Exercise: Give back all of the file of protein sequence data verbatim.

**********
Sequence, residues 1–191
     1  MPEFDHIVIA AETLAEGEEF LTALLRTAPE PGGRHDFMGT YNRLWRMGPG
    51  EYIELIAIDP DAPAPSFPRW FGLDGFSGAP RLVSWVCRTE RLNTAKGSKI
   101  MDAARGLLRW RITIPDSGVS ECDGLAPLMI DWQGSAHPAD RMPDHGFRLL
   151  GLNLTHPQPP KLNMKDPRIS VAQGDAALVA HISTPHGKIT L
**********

Sequence, residues 1–191
     1  MPEFDHIVIA AETLAEGEEF LTALLRTAPE PGGRHDFMGT YNRLWRMGPG
    51  EYIELIAIDP DAPAPSFPRW FGLDGFSGAP RLVSWVCRTE RLNTAKGSKI
   101  MDAARGLLRW RITIPDSGVS ECDGLAPLMI DWQGSAHPAD RMPDHGFRLL
   151  GLNLTHPQPP KLNMKDPRIS VAQGDAALVA HISTPHGKIT L